At the start of the game you just pick your race and appearance.
There is a huge amount of tweaking that can be done, but to be honest you will probably be playing the game in 1st person and will hardly ever look at your own face, so what is the point!
I created my elfin looking Breton and was promptly thrown in prison for reasons unknown (I seem to remember starting the first Elder Scrolls game in prison as well - must be a character flaw!).
Both your appearance and race can be changed at the end of the tutorial if you change your mind, so need to fret.
All you skills start out with a score of 5/100 for now.
Anyway, I don't want to spoil the plot but let’s just say you end up crawling around under the prison.
Up first are some handy rooms where you gather some basic equipment and get taught how to use it - bows, swords, lock picks, torches, armour and shields etc.
Then it is basic combat training against the old RPG faithful (rats).
Next comes magic training (also against rats).
Soon you hit the "You are encumbered" message and are unable to move - no crawling around at nanospeed here - you go from full speed to stop just by picking a mushroom! Time to go into your inventory and drop all the crap you picked up. My advice is that if you are not wielding a weapon or wearing some armour - ditch it. Too heavy! Keep the interesting and valuable stuff. That Two-handed warhammer may be worth 60 Gold (on average), but it takes up 20% of your carrying space and by the time you hit a merchant your mercantile skill is so low you will be lucky to get 20 gold for it! Keep stuff you can use along with Gems, Potions and high quality loot (Goblin Witch's Staff etc).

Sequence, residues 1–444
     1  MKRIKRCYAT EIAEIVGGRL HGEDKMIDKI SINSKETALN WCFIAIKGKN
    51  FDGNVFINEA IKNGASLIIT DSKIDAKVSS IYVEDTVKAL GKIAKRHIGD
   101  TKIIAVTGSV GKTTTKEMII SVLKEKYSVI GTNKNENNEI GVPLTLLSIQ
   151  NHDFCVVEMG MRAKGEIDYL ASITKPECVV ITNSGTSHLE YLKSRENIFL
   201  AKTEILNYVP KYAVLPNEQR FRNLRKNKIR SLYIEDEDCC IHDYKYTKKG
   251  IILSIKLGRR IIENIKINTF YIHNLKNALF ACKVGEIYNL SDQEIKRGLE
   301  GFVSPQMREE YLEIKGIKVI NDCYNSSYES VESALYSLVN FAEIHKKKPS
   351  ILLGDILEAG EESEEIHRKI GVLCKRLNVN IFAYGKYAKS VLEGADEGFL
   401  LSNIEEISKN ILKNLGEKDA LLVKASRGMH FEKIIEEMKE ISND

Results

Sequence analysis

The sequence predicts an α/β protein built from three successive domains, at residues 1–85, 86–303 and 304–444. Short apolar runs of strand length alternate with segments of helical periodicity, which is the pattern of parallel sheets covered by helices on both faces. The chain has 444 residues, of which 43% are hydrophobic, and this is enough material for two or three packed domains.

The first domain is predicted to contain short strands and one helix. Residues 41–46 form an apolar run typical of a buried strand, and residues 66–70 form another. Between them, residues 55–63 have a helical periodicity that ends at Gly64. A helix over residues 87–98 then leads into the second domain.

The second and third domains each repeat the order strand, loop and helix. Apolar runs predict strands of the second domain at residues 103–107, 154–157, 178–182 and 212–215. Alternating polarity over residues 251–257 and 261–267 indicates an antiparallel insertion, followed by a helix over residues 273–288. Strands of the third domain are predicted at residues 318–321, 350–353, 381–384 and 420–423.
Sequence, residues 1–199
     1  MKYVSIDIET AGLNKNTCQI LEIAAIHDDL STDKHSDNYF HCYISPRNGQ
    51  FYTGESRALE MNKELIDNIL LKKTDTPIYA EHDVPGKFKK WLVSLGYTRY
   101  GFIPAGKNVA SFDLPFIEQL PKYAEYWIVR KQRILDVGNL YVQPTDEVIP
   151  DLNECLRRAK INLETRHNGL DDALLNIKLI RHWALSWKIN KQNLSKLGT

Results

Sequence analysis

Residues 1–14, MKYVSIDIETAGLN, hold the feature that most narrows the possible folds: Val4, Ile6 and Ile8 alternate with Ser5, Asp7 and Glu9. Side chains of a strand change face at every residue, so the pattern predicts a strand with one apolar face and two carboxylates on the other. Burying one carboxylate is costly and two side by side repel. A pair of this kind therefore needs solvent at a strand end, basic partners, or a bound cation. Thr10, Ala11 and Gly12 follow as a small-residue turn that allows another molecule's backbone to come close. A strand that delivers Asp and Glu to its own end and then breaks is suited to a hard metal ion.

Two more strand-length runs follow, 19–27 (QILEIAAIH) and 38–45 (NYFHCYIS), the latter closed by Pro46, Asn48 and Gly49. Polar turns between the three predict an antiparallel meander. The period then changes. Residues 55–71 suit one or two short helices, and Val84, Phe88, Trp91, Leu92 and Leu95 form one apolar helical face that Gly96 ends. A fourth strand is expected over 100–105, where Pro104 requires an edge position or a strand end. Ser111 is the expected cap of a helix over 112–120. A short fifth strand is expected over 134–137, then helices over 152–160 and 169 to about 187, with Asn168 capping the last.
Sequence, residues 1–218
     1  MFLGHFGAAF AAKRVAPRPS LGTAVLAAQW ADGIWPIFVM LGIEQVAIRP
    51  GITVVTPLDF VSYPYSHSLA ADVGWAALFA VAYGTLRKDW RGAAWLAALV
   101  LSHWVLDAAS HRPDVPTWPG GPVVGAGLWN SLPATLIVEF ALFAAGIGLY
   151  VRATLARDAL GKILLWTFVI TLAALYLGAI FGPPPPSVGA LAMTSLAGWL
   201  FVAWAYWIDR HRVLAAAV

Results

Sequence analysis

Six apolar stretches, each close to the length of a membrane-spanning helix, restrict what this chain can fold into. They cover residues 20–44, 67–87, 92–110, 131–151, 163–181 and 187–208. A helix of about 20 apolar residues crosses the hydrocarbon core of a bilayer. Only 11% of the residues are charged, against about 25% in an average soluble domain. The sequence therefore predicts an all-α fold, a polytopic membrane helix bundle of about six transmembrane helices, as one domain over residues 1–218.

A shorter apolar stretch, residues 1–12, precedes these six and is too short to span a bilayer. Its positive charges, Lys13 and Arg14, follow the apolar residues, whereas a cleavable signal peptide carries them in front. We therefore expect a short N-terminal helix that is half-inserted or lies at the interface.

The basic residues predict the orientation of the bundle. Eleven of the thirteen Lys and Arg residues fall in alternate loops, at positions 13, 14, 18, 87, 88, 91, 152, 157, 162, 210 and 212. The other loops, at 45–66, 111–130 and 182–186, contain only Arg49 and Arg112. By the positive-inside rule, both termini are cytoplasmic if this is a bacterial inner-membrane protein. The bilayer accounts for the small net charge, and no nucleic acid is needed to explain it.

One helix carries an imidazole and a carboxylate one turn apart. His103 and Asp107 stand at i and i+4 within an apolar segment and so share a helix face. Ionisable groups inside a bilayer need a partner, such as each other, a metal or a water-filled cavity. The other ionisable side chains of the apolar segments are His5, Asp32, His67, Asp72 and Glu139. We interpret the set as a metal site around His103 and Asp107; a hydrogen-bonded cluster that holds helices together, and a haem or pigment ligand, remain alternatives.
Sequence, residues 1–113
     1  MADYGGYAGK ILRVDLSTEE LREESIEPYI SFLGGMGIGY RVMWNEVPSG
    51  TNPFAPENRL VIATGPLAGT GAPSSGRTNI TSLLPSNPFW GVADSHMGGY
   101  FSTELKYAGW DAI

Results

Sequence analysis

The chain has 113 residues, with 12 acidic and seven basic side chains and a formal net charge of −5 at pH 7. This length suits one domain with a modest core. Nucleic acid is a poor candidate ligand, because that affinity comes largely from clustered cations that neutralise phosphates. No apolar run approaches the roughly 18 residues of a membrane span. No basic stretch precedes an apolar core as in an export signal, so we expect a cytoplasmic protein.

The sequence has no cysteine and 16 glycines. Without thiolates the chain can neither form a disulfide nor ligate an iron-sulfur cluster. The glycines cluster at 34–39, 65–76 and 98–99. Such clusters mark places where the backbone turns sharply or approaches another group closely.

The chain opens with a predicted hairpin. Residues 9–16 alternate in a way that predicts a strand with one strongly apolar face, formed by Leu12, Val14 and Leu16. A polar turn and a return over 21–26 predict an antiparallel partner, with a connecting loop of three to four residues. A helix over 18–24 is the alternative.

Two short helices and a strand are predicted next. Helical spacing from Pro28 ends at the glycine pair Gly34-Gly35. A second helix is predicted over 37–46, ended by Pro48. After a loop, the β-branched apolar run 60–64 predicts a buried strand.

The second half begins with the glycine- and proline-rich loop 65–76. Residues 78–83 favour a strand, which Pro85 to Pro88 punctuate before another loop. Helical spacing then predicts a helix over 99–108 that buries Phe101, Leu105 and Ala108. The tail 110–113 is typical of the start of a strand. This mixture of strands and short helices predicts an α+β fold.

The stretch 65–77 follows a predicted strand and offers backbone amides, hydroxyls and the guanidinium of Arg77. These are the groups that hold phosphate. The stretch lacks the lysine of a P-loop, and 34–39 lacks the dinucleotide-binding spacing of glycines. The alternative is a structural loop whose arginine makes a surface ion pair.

Whilst you are running through the tutorial you will start to get a feel for the controls, which aren't bad - I switched jump and activate round, as they didn't feel logical at their default settings. I'll probably remap Block and Cast round for my Mage as well, as shields don't form part of my fighting style. Expect to whack a few chests or boxes instead of opening them though... They are indestructible so don't fret. Just try not to do that when attempting to initiate chat with NPCs! Note to self - look up the Yield Key again!
Wading into combat for my Mage involved a puny fire based missile spell. Targeting is a bit tricky when you and your target are moving, but I reckon that you will get the hang of it pretty quickly. Defensive spells will be the order of the day as you progress though, as being backed into a corner was a regular occurrence for me. Casting heal spells during combat is hard - Pre-combat Regen spells and Instant Heal potions on a hot key are another essential for the future.
Lock Picking has its own mini-game. Feel free to indulge in this all you like, but apart from "Very Easy" locks, you will soon find yourself hitting the "Auto Attempt" button. Why? At low skill levels the mini-game is too hard for Average and upwards locks and so hitting the Auto button may burn a few lockpicks, but you will eventually succeed.
There is another mini-game for Speechcraft, but that is out with my tutorial ramblings and I will come to it another time.
Eventually you get a bit more of the plot and get asked to pick a star sign (again you can change it later if you want). The Thief and The Mage seem good choices for a starter, with the others being more specialised.
Again the plot moves on a bit further and I accidentally nuke one of the "good" guards in a royal rumble. After the fight he walks over and tells me that it is a good job he likes me, but don't do it again! Nice touch I thought, but it was his fault for running into my line of fire!